NADD U.S. Policy Update (from the NADD Bulletin Volume X1 Number 1)

Complete listing

Some families’ perspective on community placement options in Utah

Some families’ perspective on community placement options in Utah

Julia Pearce


The current trend in public policy regarding the closure of state funded institutions has some groups and individuals calling for the closure of the Utah State Developmental Center.  Those in favor of closing this facility that  serves approximately 230 individuals believe individuals would be better served in more natural settings in the community, and that savings from the closure would result in  additional funds for more people to be served in the community overall. Closure advocates also proclaim that needed supports will be available throughout the state to provide a better quality of life and ensure an adequate level of safety to all who access those services.  Those who have called for this closure also believe that all families and self-advocates would prefer to have this facility closed.


However, there are some families and advocates who do not support the closing at this time. The state of Utah has maintained and improved the services at the Developmental Center that provides care for a population of people that would be would not be effectively served in a community setting, given the needs of those individuals.  Families who have cared for these individuals in their homes know that the Developmental Center setting provides consistency, safety, structure, a sense of community and peers, and a highly professional level of care, is essential, and does not currently exist in the community. 


Many individuals at the Developmental Center, and those who may need it in the future, are often those with co-occurring intellectual disabilities and mental illness.  Especially if communication is significantly impaired, it is difficult if not impossible for families to receive adequate diagnosis, treatment, medication management and other therapies necessary for the individual and family to remain stable in the community.  The mental health system in the state is not prepared to treat individuals in the context of their intellectual disability, and the ID/DD system is often ill-equipped to support with mental health needs in addition to their cognitive disability.


The provider system in Utah is not adequately prepared to meet the current demand for community services. In order to better meet the needs of those individuals already receiving services through the home and community based waiver system, significant improvements must occur.  Utah also needs to address those hundreds of individuals on the waiting list to receive services.  In addition, the argument that closing the Developmental Center would save the state money to serve more people is false.  Individuals who are served at the Center will need the same level of care regardless of where the services are provided. Decentralizing services may actually increase the cost of service delivery.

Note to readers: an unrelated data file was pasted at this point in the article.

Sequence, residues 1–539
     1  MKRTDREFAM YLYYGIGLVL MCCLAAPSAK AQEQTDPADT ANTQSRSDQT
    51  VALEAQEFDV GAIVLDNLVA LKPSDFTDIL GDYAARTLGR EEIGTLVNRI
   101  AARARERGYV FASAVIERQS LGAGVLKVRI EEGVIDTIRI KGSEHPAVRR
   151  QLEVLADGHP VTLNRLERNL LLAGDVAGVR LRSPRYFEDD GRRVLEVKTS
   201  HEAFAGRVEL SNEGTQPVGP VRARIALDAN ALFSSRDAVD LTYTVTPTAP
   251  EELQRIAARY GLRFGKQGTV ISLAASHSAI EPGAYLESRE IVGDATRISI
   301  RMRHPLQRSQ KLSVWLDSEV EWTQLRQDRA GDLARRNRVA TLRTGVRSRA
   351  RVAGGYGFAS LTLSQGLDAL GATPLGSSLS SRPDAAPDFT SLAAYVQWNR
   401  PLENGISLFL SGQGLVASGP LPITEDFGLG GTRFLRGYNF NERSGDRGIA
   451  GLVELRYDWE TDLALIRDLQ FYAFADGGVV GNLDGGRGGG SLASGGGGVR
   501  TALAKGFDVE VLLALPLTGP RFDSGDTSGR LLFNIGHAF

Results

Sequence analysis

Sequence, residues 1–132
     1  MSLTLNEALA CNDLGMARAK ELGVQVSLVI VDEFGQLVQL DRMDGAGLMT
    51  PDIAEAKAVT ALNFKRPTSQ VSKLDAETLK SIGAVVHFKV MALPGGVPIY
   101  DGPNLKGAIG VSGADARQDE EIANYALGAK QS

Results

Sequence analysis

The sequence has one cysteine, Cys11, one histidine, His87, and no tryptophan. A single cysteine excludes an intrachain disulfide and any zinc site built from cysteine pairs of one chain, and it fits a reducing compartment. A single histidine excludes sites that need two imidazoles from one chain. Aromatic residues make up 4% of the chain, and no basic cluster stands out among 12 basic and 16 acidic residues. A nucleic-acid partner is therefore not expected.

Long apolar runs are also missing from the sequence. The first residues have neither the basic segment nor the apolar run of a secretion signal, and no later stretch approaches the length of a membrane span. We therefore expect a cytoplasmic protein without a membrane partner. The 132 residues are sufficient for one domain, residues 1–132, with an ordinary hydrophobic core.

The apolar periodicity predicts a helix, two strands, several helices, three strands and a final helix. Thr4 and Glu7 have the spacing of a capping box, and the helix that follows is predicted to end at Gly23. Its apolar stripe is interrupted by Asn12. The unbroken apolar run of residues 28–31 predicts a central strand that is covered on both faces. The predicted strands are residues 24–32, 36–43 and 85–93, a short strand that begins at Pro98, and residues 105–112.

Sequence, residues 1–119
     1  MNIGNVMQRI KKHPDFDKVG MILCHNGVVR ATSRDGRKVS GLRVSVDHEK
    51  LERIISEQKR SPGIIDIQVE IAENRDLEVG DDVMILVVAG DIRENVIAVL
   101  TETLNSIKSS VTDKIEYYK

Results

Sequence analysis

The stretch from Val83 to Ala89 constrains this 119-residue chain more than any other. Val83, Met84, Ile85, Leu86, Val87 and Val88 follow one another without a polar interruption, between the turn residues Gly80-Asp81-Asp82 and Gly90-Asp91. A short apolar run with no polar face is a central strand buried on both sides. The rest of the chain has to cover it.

With little professional and medical support available in the community, families are left with only one option:  to seek a setting that will provide the most appropriate stable, long-term professional level of care available for their child to receive the supports needed to ensure his or her safety and a quality of life that is sustainable.


While families agree that those who can be supported in their homes and communities should be, we are uncomfortable with the removal of the Developmental Center. Any discussion of facility closings must coincide with evidence that the community system can address all of the service needs of individuals now benefiting from the facility. Therefore, the plan to close the facility is premature and irresponsible. Instead, we  call for the following improvements to the system to alleviate the stress on the infrastructure of our family and provider system:


Advocates and legislators must recognize the need for additional funding to provide a greater range of services across the state. 

The legislature must approve a higher rate of pay for direct service workers and those in the human service field to increase the quality of this vital workforce in this disability arena.

Education must be available to parents, families, and caregivers and others concerned with the care of those currently served in the Developmental Center and those who may be thinking of this as an option in the future regarding service patterns available throughout the continuum of life.  Families should know all the options that are available and have a voice at all steps of the planning process.


While we respect the rights of all families and individuals to choose what is best for the well-being and safety of their loved one with a disability, no choice should be removed from the system, and the disability advocacy community should focus on evidence based service development and implementation to ensure that services provided in any setting are of the highest quality.  We ask for support and respect for the choices of all individuals with disabilities, their families and caregivers. In the current system of care, the removal of the Developmental Center in Utah would only worsen an already deficient system. Utah is simply not ready for this move and as family members we will advocate for what is best for our loved ones.


Julia Pearce NADD 

Family Issues Committee; US Public Policy Committee